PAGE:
Digital Shift

"We can't keep the 21st century outside the theater much longer." (Scott Walters).

The digital revolution is a fait accompli. Like a soluble medicine, it has dispersed into today's reality and changed it beyond recognition. It affects our creative practices and production, as well as our communication and our audiences' habits.   

How can we approach the generation of the digital age? Does technology stifle creativity or, on the contrary, open doors for imagination? 

We hope this debate will empower the performing arts community - with ideas, skills and courage - to take advantage of the potential gains and pay attention to the possible risks the digital age gives rise to.

fbittencourt
Public cultural institutions must be makers – and not hostages – of digitalisation. This requires resources – museums, theatres or libraries need to be able to actively invest in digital transformation – especially in times of dwindling public funding. At the same time, the Cultural and Creative Industries are experiencing an ongoing boom of investments in digital infrastructures including platforms and streaming services, which are attracting a dynamically growing demand. But high usage alone does not generate an income for artists and creative professionals in the digital age – on the...
Elena DI FEDERICO
If we want technology to bring us a better future, we must contest the imperative of speed and democratise engineering. We must bring more imagination to the field of technological innovation. Most of all, we must ask bigger questions about what kind of society we want. Technology will follow, as it usually does. (photo: Martin Parr/Magnum)
Victor Mayot
Each day, as the ongoing chaos in our world is on full display in the media cycle, I'm reminded of how essential arts organizations are to our communities. They provide a home and a platform for conversations and artistic expression that our society thirsts for. But I'm worried about them. Currently, they're fighting a range of headwinds that threaten their very existence -- and it's not just isolated cases. From challenges with fundraising and decreased arts coverage in press outlets to the struggles of growing an audience base to, much more recently, security concerns, there are many things...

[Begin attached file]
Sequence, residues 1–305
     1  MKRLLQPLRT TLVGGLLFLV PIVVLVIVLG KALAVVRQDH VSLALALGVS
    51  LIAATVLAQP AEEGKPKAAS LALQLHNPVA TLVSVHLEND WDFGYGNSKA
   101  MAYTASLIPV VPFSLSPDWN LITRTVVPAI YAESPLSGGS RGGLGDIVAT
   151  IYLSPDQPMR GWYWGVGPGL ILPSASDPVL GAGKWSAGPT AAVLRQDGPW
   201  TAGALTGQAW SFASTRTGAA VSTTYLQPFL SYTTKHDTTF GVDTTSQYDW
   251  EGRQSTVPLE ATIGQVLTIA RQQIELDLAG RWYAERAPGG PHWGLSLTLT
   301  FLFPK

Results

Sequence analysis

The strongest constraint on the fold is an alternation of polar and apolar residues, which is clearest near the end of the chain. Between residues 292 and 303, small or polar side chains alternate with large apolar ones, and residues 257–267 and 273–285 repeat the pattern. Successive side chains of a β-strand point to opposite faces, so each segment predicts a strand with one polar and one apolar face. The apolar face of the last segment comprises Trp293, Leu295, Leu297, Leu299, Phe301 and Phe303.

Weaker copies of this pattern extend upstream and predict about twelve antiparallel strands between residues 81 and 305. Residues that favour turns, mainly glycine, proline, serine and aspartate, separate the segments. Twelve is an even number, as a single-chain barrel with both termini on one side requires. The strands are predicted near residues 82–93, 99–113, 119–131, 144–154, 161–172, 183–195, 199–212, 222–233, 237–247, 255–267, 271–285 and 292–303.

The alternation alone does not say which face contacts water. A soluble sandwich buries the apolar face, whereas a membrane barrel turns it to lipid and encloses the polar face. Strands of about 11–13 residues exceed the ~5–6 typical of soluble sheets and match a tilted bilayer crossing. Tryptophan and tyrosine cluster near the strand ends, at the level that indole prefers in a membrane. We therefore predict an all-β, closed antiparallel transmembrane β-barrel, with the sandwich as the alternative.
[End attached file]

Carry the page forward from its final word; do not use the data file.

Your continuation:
safadi
Live and recorded screenings have the potential to develop and serve new audiences for small-scale theatre companies, as well as generate income, report concludes.
IETM
A great amount of time, energy, and resources are put towards bringing in new, non-traditional audiences. But what are we doing with those newbies once they arrive? How are we treating them to ensure they come back?
IETM
Why should the digital bring about ideas of progress in the theatre arts? This question opens up a rich seam of provocative and original thinking about the uses of new media in theatre, about new forms of cultural practice and artistic innovation, and about the widening purposes of the theatre's cultural project in a changing digital world. Through detailed case-studies on the work of key international theatre companies such as the Elevator Repair Service and The Mission Business, Bill Blake explores how the digital is providing new scope for how we think about the theatre, as well as how the...
IETM
In the theatre world, the desire to reach new audiences is important not only as a monetary venture, but also as a way to experiment with new ways of doing and defining theatre. Cultivating new audiences is usually part of the mission statement of any theatre, troupe, or individual artist.
IETM
“We need the ability to create ideas that in advance are thought to match the many narrative tools we shall use digitally and socially.” Steffen Hjaltelin, Danish advertising guru and director, Hjaltelin Stahl

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